HARTFORD, Conn. (WTNH) — With an increasing positivity rate of COVID-19 cases, educational leaders are now pushing Governor Ned Lamont to create a statewide standard for how schools should handle COVID-19 cases and quarantining.

On Tuesday, the Board of Education Union Coalition sent the governor a letter asking for one set of rules for all districts in the state.

The group said it feels some districts can’t be trusted to do what is right for their education communities.

“By allowing educators and staff to quarantine when they need to, by protecting those staff who have medical conditions and following the advice of the governor and our education commissioner in terms of allowing teachers to teach remotely into the classroom, that works out best for students, their education and most importantly, the safety in our schools,” explained Donald Williams, Executive Director of the Connecticut Education Association (CEA).

“This reckless advice ignores the guidance from public health experts and puts the entire state in jeopardy,” added CEA President Jeff Leake in a statement. “The governor must move quickly to reject these negligent practices by mandating that school districts take a responsible and not punitive approach to handling quarantines and leaves that do not put public health at risk. Right now, too many educators and staff are being forced to choose between their jobs and their health and are being given the unacceptable option of either teaching in person or taking unpaid leave.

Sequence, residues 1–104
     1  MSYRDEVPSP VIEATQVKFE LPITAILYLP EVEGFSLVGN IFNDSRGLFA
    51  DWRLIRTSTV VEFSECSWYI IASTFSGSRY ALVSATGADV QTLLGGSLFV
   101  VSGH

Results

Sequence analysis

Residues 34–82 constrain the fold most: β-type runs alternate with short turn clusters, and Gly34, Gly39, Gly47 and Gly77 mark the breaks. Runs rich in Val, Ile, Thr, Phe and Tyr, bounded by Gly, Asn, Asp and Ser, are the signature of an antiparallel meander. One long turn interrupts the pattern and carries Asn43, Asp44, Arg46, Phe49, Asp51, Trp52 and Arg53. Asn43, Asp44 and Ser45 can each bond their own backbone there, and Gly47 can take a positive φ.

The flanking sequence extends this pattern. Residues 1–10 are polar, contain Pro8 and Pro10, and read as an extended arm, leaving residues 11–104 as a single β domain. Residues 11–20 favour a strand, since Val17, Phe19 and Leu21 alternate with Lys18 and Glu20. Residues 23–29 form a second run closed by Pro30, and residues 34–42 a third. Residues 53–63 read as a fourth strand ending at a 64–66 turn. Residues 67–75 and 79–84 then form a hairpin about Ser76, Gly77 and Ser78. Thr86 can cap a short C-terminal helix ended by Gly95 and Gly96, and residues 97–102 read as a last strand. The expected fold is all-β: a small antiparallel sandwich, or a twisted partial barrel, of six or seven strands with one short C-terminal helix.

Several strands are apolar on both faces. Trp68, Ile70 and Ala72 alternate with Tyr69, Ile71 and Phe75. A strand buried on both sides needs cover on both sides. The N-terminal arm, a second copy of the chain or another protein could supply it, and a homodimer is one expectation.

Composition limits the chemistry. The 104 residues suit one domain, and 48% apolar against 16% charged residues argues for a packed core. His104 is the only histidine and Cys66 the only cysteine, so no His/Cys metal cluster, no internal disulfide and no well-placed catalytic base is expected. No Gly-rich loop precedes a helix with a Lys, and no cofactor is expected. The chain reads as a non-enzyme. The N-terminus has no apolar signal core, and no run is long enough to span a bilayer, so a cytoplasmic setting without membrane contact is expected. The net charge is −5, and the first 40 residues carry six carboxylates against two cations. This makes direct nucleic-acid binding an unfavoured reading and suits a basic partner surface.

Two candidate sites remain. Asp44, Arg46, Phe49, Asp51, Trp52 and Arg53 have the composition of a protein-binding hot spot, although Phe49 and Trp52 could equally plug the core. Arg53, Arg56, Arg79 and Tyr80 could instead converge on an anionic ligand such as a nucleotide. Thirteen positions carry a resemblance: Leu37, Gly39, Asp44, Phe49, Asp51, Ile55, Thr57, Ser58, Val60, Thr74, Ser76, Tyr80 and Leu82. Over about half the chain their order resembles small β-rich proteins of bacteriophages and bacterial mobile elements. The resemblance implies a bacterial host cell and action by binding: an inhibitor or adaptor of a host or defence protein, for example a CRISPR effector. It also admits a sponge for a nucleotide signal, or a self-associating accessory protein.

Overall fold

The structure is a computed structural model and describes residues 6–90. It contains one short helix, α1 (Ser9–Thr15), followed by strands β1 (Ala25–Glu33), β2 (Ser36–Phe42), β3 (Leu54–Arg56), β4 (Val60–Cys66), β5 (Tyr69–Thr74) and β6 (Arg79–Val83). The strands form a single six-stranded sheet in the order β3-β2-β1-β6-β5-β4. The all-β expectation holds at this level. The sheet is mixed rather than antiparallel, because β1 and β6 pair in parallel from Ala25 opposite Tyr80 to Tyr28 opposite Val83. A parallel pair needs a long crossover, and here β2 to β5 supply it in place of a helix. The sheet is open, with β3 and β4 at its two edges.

So far, this school year, Lamont has left it up to each district to set its own COVID rules.

“We want a consistent standard for safety and how teachers and staff are treated when they’ve been exposed to the coronavirus,” Williams said. “That used to be federally mandated by legislation that expired on Dec. 31 and now we are seeing inconsistency across the state, and we’re asking the governor to step in and give us uniformed standard.”

The group said some of the suggestions involved mandatory quarantines and giving those with medical issues access to teach remotely.